This comma miscue hardly seems worth making a federal case of, but it does make a point about current political rhetoric
From a tweet by Christopher Mendoza (@CMendoz_a), which reads (links onsite): "What a welcome from Rancho HS! Can't believe they made this @HillaryClinton sign. They're excited! #Hillary2016"
everyday adj. (ca. 1623): encountered or used routinely or typically: ORDINARY (~ clothes)by Ken
-- Merriam-Webster's Collegiate Dictionary, Tenth Edition
everyday adj. 1. Suitable for ordinary days or routine occasions: an everyday suit. 2. Commonplace; ordinary: everyday worries
--The American Heritage Dictionary, Second College Edition
It's not hard to draw me into a comma brawl. I think the comma is one of mankind's great inventions, and it's a shame that it's so often so badly used, abused, or erroneously not used. That said, this seems to me a pretty trivial case of comma confusion. Nevertheless, it does make a point.
Last night he posted this on "The Fix," headlined "While making campaign signs, remember to mind your commas":
Students at Rancho High School in Las Vegas made a banner to welcome Hillary Clinton on Tuesday. On it, a quote from her video announcing her presidential candidacy: "Everyday, Americans need a champion, and I want to be that champion."Hunter certainly seems right about the students' incorrect insertion of the comma and the change in meaning it creates -- and right too that in the students' usage it would have to be "every day," not "everyday." To make a federal case of it, though, it would be nice if the change of meaning were a bit more significant.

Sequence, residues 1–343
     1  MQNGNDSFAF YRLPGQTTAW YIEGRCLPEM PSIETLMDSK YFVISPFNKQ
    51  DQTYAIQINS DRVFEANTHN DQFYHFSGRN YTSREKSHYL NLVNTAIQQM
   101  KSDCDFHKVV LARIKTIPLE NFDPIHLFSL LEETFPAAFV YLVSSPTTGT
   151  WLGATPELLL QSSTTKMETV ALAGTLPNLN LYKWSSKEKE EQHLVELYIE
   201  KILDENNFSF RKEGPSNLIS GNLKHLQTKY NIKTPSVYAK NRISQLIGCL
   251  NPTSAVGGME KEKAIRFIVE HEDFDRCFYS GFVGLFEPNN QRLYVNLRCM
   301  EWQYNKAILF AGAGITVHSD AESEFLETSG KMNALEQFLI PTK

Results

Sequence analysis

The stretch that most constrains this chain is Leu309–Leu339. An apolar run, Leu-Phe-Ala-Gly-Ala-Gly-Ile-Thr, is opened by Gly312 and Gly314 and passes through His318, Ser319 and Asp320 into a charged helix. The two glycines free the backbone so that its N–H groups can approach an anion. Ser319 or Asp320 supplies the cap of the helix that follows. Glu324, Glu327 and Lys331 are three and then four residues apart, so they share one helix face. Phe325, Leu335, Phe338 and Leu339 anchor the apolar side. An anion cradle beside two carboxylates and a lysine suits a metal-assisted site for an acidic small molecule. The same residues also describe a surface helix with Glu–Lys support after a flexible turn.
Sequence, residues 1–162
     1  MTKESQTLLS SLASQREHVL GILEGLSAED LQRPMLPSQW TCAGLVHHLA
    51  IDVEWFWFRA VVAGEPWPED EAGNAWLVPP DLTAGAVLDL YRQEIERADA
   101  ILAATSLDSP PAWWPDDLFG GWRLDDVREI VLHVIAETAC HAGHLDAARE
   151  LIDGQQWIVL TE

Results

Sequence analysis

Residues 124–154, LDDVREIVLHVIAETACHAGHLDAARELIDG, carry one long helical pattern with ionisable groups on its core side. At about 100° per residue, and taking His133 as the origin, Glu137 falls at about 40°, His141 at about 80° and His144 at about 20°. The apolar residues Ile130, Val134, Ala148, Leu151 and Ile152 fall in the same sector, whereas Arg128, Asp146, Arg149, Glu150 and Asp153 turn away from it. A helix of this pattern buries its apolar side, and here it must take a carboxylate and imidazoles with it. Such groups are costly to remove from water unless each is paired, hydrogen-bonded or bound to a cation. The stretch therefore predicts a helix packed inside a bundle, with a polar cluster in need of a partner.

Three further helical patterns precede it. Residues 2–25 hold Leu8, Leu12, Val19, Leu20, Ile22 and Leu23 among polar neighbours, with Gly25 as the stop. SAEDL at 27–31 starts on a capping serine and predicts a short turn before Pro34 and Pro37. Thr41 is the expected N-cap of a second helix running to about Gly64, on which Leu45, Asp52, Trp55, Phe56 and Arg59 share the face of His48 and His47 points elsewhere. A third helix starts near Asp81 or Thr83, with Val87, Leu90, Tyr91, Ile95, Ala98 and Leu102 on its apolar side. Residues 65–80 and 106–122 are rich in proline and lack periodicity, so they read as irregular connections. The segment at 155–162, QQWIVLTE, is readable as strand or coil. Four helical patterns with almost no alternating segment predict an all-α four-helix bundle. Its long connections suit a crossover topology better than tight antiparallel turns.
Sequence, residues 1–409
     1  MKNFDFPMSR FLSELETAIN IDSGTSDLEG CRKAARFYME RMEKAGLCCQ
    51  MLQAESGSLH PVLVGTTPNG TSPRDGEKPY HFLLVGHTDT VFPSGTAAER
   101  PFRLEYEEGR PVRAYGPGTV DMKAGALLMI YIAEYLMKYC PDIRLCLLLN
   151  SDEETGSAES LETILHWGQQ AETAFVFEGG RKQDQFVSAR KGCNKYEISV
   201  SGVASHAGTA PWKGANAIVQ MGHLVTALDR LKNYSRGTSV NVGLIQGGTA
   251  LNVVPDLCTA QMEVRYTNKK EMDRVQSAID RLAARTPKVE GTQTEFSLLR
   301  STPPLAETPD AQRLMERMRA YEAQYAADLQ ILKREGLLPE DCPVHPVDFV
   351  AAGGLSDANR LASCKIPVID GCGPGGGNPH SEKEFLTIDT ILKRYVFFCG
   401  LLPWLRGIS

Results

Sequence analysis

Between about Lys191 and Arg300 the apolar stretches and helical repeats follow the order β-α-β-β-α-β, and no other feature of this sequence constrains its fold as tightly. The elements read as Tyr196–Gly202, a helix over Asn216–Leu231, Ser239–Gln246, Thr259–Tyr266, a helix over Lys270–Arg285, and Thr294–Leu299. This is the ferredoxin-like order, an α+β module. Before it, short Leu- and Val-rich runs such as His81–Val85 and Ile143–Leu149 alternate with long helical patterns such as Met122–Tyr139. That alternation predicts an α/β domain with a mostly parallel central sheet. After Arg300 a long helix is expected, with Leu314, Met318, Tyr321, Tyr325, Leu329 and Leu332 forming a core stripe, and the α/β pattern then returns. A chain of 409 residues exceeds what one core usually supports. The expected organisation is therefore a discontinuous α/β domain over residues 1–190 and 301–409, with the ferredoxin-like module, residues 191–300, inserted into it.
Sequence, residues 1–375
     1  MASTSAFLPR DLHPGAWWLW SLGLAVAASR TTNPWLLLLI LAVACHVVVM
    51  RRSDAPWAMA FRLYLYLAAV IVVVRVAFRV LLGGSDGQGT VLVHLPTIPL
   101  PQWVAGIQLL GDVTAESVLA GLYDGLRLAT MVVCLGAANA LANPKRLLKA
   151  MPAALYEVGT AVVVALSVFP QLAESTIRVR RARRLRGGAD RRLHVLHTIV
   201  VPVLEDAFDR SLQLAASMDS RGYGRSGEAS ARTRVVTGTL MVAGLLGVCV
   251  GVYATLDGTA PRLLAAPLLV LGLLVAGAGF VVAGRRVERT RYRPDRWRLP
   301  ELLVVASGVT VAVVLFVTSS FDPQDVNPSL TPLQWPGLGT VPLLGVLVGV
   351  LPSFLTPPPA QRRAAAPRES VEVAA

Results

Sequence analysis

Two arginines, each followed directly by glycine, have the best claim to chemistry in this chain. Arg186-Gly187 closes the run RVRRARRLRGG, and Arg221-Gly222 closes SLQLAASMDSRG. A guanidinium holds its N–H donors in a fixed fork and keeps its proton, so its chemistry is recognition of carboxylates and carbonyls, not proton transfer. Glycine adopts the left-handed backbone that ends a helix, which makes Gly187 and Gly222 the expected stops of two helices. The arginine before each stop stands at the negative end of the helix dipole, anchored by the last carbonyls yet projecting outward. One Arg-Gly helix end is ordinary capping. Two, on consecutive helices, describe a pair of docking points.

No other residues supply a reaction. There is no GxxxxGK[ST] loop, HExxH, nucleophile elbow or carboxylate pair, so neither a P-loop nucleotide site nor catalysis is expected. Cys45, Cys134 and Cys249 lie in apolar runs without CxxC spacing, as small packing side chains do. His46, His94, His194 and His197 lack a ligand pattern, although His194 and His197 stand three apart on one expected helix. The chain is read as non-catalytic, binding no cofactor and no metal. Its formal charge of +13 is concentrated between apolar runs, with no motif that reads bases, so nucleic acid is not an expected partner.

Except, that's not what she said in her video.
According to the subtitles on the video, there's no comma between "everyday" and "Americans." Also, if there was a comma, "every" and "day" would be two separate words instead of one (just for the record).
Clinton uses the phrase to suggest "Average Joe" and "middle-class" Americans, while the students -- actual real-life "everyday Americans" -- didn't interpret that way. For them, Clinton's quote meant that Americans need a champion every single day.
It's yet another reminder that the phrase "everyday Americans" (as opposed to ... someday Americans? 9-to-5 Americans? Weekday-only Americans?) is a made-up phrase used by politicians to try to connect with voters. It's not really a thing.
And while he's right too that the phrase "everyday Americans" is being "used by politicians to try to connect with voters," I'm pretty sure he's wrong about it being "a made-up phrase" (only pretty sure because I don't know what this means; doesn't every phrase have to be made up in order to become a phrase?), and I'm quite sure he's wrong about its being "not really a thing." It may not be much of a thing, but it has a perfectly clear and understandable meaning -- ordinary Americans. Perhaps he doesn't have access to a dictionary, so I've done this bit of research for him, as reported at the top of this post. (Note that I'm not necessarily recommending these dictionaries. They just happen to be the ones I had closest to hand, and they both have reasonable measures of credibility.)
Still, as I suggested before, when Hunter points his bludgeony finger, there's usually something there, and the fact remains that the students, or whoever was advising them, don't seem to have grasped Hillary C's intended meaning, leading them to substitute a meaning of their own -- very likely because the phrase "everyday Americans," though unquestionably a thing, isn't all that much of a thing.
Actually, I happen to believe that "everyday Americans" are an enormously real thing, that there's an enormously significant, even momentous, difference between "everyday Americans" and, say, the Koch brothers and their fellow billionaire oligarchs, or our millionaire Congress, or for that matter -- as our Gaius Publius was pointing out just today -- Hillary Clinton. Still, the political-consulting class might want to take note of at least this instance of how well, or not so well, the phrase is being heard.